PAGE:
Remembering two giants of late 20th century culture
This week we have lost two of the people who were highly influential in shaping the face of modern Britain - Sir Terence Conran and Dame Diana Rigg.
Designer, writer and retail giant Conran, who died aged 88, can be credited with truly changing the look and feel of post-war Britain. As founder of Habitat he exerted a profound influence on the domestic culture and taste of millions in the 1960s, 70s and beyond.
Conran, who later also founded the Design Museum, was intent on introducing what has been described as “a new European way to shop for contemporary homeware.”
His business also laid the foundation for a retail landscape that included Mothercare, Heals, Next, Richard Shops and others. He drew his inspiration from Bauhaus and Scandinavian design and literally realigned our view of furniture and homeware.
BC - Before Conran - the average family lived in a world that likely as not had dark, heavy hand me down furniture and had never heard of futons, duvets or paper lampshades or any number bright, attractive and innovative items of kitchenware. Lighting, which had been a bulb hanging from the ceiling or maybe an old standard lamp, was revolutionised.
The ‘continental’ style that Conran purveyed soon became readily and affordably available nit just in London but in town’s and cities throughout the country.
It is ironic perhaps that his death comes at this time of Brexit and the death of the High Street. He was a man of his time.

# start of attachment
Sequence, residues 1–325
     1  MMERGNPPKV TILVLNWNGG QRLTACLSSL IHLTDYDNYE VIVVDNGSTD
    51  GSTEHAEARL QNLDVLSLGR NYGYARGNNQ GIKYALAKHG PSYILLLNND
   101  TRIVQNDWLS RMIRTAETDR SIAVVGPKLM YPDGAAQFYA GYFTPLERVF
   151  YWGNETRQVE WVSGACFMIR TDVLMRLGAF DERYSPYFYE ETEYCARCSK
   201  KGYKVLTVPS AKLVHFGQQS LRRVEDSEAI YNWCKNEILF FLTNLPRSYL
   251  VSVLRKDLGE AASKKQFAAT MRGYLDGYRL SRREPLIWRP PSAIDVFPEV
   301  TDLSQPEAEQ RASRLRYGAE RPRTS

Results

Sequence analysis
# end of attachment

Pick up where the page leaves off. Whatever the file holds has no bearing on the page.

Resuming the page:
Meanwhile actress Diana Rigg, who has died aged 82, was another icon of modernity who originally found fame in the 1960s starring as secret agent Emma Peel in the groundbreaking TV series The Avengers.
The show was a game-changer, arriving at precisely the point when Britain seemingly turned from black and white to colour. The cat-suit clad, karate kicking Peel was, she would later admit, a one dimensional character but Rigg gave her depth.
The show also established her as a young actress to be reckoned with. She quickly complained when she discovered she was being paid less than the cameraman and she formed a great partnership with her far more experienced co-star Patrick McNee
Though she loved playing the part Rigg didn’t hesitate when she felt it was time to bid farewell to Emma Peel and move on. The Avengers provided a springboard to a wide ranging career that included everything from Shakespeare and the classics to Doctor Who and Game of Thrones.
Starring in 1969’s On Her Majesty’s Secret Service she became the only Bond girl to actually get 007 to the altar. No danger of typecasting there though. The one and only Mrs Bond was assassinated as the couple left for their honeymoon.
In recent years Rigg has been enjoyed by a younger generation as Olenna Tyrell in Game of Thrones and, just the day before her death made her debut as the over-indulgent owner of portly Pekinese Tricki Woo in the new Channel 5 production of All Creatures Great and Small.